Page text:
Industrial Disaster Response - A Company Alternative
A look at the top ten (1)industrial accidents in US history reveals much that we can learn from. Death tolls, especially from the oldest of the disasters, vary, but all told these industrial accidents have accounted for the loss of from 1508-1558 lives (2). One of those disasters occurred at the Texas City Refinery in Texas City, Texas. On April 16, 1947, a fire broke out aboard the SS Grandcamp, which was loaded with approximately 2,300 tons of ammonium nitrate. The explosion, the resultant damage, and the heat were intense enough that 16 hours later, the SS High Flyer, also carrying ammonium nitrate, exploded violently. There have been many industrial accidents since, but from this one the Refinery Terminal Fire Company (RTFC) was born a year later. At the Ready discussed the RTFC recently with Fire Chief John David Lowe, CFPS. Chief Lowe has worked at RTFC for the past 18.5 years and has been the Chief for about a year.
“RTFC currently has approximately 150 employees, with 130 of those being career firefighters. We operate 7 fire stations throughout Texas and Mississippi, a main communications center, and a training facility,” says Lowe. In addition, the company can serve clients anywhere in the U.S. and Caribbean region. RTFC takes a businesslike approach to emergency response. “Our company operates much as any other traditional business operation, with a Board of Directors, a CEO (Mr. Lonnie Bartlett), a full business staff (Accounting Dept., HR, IT, etc.), and then our operations division that makes up the emergency response and training personnel.”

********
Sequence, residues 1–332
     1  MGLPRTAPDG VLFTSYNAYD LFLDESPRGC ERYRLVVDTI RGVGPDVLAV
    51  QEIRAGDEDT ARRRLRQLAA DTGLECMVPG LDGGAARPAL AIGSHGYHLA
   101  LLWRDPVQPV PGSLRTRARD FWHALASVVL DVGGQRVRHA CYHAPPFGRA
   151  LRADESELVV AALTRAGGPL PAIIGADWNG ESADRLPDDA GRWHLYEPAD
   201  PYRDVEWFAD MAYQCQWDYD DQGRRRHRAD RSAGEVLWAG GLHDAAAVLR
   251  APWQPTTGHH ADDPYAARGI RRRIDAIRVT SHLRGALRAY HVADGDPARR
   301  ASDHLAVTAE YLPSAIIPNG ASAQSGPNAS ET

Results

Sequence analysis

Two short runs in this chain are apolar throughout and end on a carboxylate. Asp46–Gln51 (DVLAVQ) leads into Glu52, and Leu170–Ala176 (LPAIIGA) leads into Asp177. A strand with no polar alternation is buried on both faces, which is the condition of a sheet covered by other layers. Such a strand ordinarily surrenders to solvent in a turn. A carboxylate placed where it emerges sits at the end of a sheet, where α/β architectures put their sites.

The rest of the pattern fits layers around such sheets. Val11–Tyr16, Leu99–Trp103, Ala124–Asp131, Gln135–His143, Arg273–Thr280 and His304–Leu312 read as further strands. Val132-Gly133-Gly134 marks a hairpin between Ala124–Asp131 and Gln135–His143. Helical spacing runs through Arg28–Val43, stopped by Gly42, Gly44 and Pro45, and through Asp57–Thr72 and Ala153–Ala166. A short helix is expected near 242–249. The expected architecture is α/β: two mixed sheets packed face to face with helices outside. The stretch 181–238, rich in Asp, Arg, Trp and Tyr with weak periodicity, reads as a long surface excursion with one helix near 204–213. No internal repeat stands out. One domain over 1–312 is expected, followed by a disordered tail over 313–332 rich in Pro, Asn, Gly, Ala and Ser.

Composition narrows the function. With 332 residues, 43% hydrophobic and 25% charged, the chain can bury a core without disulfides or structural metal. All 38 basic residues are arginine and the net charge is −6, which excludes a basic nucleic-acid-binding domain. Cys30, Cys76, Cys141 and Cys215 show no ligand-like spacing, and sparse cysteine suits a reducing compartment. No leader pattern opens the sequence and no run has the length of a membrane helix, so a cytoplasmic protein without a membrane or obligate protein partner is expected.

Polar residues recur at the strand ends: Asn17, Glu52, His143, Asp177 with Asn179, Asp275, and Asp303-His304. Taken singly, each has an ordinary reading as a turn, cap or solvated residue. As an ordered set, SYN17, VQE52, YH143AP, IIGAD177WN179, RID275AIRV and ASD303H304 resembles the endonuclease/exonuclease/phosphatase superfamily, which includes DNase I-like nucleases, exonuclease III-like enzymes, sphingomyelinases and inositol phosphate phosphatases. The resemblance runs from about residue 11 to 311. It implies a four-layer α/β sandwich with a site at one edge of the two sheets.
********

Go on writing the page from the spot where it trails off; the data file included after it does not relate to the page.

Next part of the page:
There are other differences between RTFC and municipal departments and even other industrial response departments. As Chief Lowe explains, “RTFC was designed to be the fire department for the local industry in Corpus Christi, as opposed to other industrial areas that provide for their emergency response needs in-house and then execute ‘mutual aid’ agreements to share resources with other industrial organizations when needed.” As previously discussed in At the Ready, despite their benefits, mutual aid agreements can also be burdensome. Lowe believes the RTFC concept “allows RTFC to respond to all our members’ emergency needs without the normal burdens of legal/insurance complications common when independent companies try to work with each other under a ‘mutual aid’ umbrella.”
A significant number of industrial companies have fire brigades, but RTFC is different from most of these as well. Lowe explains, “RTFC firefighters are ‘career firefighters,’ meaning that emergency response is their sole purpose. We train, respond and think about emergency response 24 hours a day as our only function. Traditionally, in-house fire brigades of individual organizations are made up of existing employees that perform work for their company in some other capacity, such as operating a refining process, and then are given additional training in emergency response on the side.”